Reinforced behaviour continues and will increase in frequency. You may have heard that before, but what does it mean to dog training and your dog’s behaviour.

All behaviour is evoked by an environmental stimulus and then subsequently reinforced or punished by a different environmental stimulus.  If you say “sit” and your dog sits and then you give her a treat, sitting is much more likely to occur in the future when she hears the same stimulus again; i.e. you saying “sit”.

misc magh 046

This is known as the antecedent, behaviour and consequence.   The antecedent happens before the behaviour to evoke it, the behaviour then happens and the consequence follows.

Conversely if you ask her to “sit”, she sits and then you pet her on the top of the head, one of 2 things may happen.  If she enjoys being petted on the head, then the behaviour will have been reinforced and is likely to happen more often in the future, whereas if she finds being touched on the top of her head aversive, the behaviour will have been punished and is less likely to occur in the future.

Training Tip

So what?  It is important to understand the things that your dog finds reinforcing and recognise anything she finds aversive so you can avoid inadvertently punishing the behaviours you are trying to reinforce.  Reinforcement and punishment are the critical elements of behaviour change, but it is always from the animals perspective.

Do you ever wonder why your dog steals things and runs away?  In the past she may have picked up a sock or other inappropriate item to play with.  You will have tried to get if from her and she will have run away; playing chase can be extremely reinforcing for many dogs. Does your dog love to steal things and does the behaviour seem to be getting worse?  It is likely that she is being reinforced.

What does your dog steal?

So why use a clicker?

IMG_0013Clickers are not the magic pill, nor are they a super remote control that will have your dog performing crazy behaviours just because you click.  That said, clickers do provide simple communication between humans and animals; the clicker always sounds the same, therefore always means the same thing to your dog and therefore significantly enhances learning.  The click noise marks exactly what your dog is doing at the precise moment you clicked.

Used correctly and accurately, it can capture tiny behaviours or moments in time when your dog is doing exactly what you want.  After each click your dog will receive a treat, therefore the click will not only indicate success, but also that a tasty treat is coming. 1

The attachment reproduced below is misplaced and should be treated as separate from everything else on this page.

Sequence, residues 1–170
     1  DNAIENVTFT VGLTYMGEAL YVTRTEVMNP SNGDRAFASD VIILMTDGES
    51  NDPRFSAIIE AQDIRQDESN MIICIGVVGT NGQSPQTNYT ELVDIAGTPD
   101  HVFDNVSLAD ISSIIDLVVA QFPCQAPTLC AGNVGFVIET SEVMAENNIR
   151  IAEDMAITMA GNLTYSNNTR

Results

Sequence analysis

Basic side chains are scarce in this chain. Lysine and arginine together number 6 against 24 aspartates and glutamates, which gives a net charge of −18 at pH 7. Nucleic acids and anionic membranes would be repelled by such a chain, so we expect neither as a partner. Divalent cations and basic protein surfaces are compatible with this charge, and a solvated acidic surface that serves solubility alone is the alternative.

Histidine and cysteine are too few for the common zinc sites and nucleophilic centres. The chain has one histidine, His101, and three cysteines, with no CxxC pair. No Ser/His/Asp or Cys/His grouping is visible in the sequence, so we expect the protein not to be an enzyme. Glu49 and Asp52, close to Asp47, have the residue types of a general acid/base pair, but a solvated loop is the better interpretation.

Clickers are used primarily to teach new behaviours.  Once your dog understands the behaviour you are teaching, you can change the click to a verbal or visual cue and maintain the behaviour that way.  Clicking enables you to use a “carrot or no carrot” approach, rather than traditional “carrot or stick” methodology.  If your dog gets it right he gets a click followed by reinforcement; if he gets it wrong …… nothing happens.  The absence of the “stick” or any other form of punishment or correction in training results in a dog with greater confidence who is prepared to try hard without fear of making mistakes.

There are 3 main methods of clicker training to enjoy with your dog:

Lure and Click.  Website Media 02 Jun 13 335Using food, you can lure your dog into position and then click to mark that your dog has performed correctly.  After a few repetitions you can fade the lure, but continue to click as your dog repeats the activity.

Capturing.  This is useful for communicating to your dog that he is doing something you like. If he is lying calmly at your feet, you may click to reinforce the calm behaviour.  Your dog will enjoy getting rewarded for doing nothing (staying calm) and as a consequence is likely to offer the behaviour more often.

Remember reinforced behaviour will occur more often.

Shaping.  This is very much like the hot and cold game you may have played when you were younger.  You reward your dog for ‘getting warmer’ by completing very small improvements towards the end goal.  Your dog will think about, and work out, what it is you are asking him to do in a bid to attain the elusive click and reward. Remember to keep it simple for your dog to achieve success to avoid a loss of interest.  With shaping greater progress is made when the improvements you require are small.

Keep Sessions Short.  Short sessions are more productive as your dog will struggle to concentrate for long periods. 10 minutes is ideal for most dogs, however you should adjust your timings to suit your dog’s attention!

Treat your best friend….. Dogs love to use their minds and thoroughly enjoy working things out.  Providing mental stimulation is as important as providing physical exercise; provide your best friend with the chance to enjoy clicker training on a regular basis and watch his confidence grow.

Together you will have lots of fun!



What’s in a sit?

033We all know that getting Rover to sit on command in one of the first things that you should teach him, but have you ever thought of just how important it can be?

Does Rover sit every time you ask?